During the pre-dawn hours of June 28, 1969 New York City police raided the Stonewall Inn. Looking to temporarily shut down the known gay bar and make some arrests, police were surprised when instead of quietly waiting for the police wagon, the bar’s lesbian, gay, and drag queen patrons, as well as the crowd that had gathered outside, fought back. The resulting riot and the protests that followed is largely credited as being the event that led to the modern Gay Rights movement.
One year later on June 28, 1970, members of the LGBT community in New York City walked 51 blocks from Christopher Street to Central Park to mark the anniversary of the Stonewall riots and bring attention to gay rights. That weekend Chicago, Los Angeles, and San Francisco also held their first Gay Liberation Marches. Read the rest of this entry »
With a current population of approximately 10 million, hailing from 30 territories including the Dominican Republic, Haiti, Puerto Rico, and the Virgin Islands, Caribbean-Americans have played a role in shaping America since before its founding. From fighting slavery and segregation to serving in the highest levels of government to sports and entertainment, Caribbean-Americans have been active participants in the shaping of this country since the first Caribbean immigrants arrived in Jamestown, VA in 1619.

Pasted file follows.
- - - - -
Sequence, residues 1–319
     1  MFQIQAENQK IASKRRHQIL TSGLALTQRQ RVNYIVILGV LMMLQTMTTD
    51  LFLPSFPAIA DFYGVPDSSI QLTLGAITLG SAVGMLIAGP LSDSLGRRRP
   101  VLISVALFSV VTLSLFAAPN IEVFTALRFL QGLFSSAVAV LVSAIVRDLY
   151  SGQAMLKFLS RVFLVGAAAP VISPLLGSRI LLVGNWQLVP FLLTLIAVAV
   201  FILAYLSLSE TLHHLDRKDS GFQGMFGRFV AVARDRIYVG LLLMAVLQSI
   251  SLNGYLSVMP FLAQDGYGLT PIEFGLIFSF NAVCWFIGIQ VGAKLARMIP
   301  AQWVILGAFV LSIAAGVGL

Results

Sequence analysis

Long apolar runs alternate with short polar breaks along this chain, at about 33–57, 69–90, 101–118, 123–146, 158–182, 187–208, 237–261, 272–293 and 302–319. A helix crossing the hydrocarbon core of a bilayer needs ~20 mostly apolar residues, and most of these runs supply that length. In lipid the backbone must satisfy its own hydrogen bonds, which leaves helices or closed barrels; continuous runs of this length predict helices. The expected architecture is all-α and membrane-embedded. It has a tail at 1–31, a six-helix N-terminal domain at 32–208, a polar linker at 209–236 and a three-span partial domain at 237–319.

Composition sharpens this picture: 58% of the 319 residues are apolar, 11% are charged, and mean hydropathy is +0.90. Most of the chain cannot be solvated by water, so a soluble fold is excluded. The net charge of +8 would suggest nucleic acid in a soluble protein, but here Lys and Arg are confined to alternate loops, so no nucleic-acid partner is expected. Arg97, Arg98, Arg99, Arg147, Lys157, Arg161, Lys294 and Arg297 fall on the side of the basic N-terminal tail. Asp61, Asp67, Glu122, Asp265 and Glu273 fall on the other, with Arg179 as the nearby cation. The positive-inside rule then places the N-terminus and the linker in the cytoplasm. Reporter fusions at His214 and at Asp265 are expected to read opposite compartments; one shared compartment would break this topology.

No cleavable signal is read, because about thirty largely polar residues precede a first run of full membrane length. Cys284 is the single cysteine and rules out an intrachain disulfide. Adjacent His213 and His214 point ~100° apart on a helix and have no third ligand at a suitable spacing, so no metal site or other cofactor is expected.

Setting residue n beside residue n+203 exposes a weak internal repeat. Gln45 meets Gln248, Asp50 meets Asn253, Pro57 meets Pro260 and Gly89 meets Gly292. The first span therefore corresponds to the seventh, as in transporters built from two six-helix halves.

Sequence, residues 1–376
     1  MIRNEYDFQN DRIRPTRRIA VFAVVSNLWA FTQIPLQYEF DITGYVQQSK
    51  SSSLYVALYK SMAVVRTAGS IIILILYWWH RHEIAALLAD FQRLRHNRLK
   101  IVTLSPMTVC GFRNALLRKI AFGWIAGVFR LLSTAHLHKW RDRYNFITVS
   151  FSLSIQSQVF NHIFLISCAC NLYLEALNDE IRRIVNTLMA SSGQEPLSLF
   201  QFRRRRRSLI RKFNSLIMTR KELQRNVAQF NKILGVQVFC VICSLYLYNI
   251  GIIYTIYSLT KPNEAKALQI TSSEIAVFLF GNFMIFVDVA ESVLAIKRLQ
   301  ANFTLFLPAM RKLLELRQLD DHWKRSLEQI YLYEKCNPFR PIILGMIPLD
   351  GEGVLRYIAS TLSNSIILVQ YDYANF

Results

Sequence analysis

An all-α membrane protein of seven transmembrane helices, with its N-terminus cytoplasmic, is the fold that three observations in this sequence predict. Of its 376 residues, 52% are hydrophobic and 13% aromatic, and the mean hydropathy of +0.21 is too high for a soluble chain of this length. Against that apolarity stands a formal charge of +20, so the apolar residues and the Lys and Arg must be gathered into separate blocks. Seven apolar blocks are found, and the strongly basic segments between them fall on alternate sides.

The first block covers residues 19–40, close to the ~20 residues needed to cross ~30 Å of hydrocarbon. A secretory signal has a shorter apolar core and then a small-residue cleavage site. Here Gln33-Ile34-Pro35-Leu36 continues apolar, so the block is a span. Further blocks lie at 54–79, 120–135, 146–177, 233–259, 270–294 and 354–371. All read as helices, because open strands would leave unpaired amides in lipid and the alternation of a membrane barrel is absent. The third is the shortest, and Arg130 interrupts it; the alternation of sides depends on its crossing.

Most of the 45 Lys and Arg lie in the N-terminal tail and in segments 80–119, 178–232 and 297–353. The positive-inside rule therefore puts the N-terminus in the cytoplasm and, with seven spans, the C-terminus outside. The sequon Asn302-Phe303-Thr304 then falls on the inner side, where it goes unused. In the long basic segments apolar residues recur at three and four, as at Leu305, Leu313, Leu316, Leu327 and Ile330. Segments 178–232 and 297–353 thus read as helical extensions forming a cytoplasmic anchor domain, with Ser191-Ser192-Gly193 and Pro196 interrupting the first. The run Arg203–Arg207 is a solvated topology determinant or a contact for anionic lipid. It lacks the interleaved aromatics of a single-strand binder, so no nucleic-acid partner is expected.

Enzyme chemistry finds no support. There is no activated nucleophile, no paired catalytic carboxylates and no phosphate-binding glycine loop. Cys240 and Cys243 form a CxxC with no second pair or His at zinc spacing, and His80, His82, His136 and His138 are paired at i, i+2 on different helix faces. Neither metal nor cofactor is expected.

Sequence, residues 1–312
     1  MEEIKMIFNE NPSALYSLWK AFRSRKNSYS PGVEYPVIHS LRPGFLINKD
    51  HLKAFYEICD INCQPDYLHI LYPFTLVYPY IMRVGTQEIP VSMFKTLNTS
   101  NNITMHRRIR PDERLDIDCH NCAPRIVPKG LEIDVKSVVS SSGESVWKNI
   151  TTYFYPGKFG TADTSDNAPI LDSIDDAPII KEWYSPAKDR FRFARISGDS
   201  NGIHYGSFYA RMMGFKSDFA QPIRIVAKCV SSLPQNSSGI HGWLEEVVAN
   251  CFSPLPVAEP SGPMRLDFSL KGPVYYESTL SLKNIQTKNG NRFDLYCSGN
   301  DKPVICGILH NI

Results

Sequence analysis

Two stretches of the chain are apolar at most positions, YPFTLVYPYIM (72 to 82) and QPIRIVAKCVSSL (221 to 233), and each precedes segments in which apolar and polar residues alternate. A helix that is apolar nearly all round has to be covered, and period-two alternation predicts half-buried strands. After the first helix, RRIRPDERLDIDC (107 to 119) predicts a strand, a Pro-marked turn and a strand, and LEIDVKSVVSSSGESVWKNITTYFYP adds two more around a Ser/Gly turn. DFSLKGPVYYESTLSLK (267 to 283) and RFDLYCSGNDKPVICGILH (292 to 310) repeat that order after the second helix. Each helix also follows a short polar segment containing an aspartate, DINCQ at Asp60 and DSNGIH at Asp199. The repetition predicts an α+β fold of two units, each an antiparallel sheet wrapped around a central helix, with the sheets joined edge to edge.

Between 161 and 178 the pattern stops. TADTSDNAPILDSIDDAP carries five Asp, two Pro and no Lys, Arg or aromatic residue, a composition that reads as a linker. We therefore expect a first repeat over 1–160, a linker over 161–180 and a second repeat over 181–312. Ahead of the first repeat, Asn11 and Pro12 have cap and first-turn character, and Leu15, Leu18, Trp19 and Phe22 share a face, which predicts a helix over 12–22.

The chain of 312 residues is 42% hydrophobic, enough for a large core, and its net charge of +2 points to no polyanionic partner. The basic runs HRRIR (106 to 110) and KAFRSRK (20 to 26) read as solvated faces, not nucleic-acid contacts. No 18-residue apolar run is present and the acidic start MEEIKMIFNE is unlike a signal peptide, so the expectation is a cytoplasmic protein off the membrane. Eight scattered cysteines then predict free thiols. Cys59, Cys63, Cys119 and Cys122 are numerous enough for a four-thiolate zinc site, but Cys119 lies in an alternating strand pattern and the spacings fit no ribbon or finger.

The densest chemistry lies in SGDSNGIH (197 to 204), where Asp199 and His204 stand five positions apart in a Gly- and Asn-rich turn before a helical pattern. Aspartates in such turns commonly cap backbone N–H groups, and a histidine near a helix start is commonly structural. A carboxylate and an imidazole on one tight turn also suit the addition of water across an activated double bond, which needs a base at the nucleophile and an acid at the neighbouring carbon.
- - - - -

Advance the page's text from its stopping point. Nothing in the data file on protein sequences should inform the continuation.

To help bring attention to this long and diverse history Dr. Claire Nelson founded The Institute of Caribbean Studies (ICS) in 1993 to bring attention to and advocate for the concerns of the Caribbean-American community in both the private and public sector. This effort included national recognition of the Caribbean-American Heritage and in 1999 ICS sent a letter to President Clinton requesting a month dedicated as Caribbean-American History Month. Read the rest of this entry »
Photo: The Dining Room of a Gilded Age Mansion (Marble House). Library of Congress
The “Gilded Age,” a term coined by American author and satirist Mark Twain, was in many ways an era of stark extremes in our nation’s history. Ninety percent of the nation’s families earned less than $1,200 per year by the height of the period in 1890, while an elite 10% earned above it . The most affluent of American society enjoyed the luxury of newly invented conveniences like electric lights, sewing machines and phonographs, while most Americans lived in abject poverty–crowded into squalid and crime-ridden tenements or living in rural areas. Read the rest of this entry »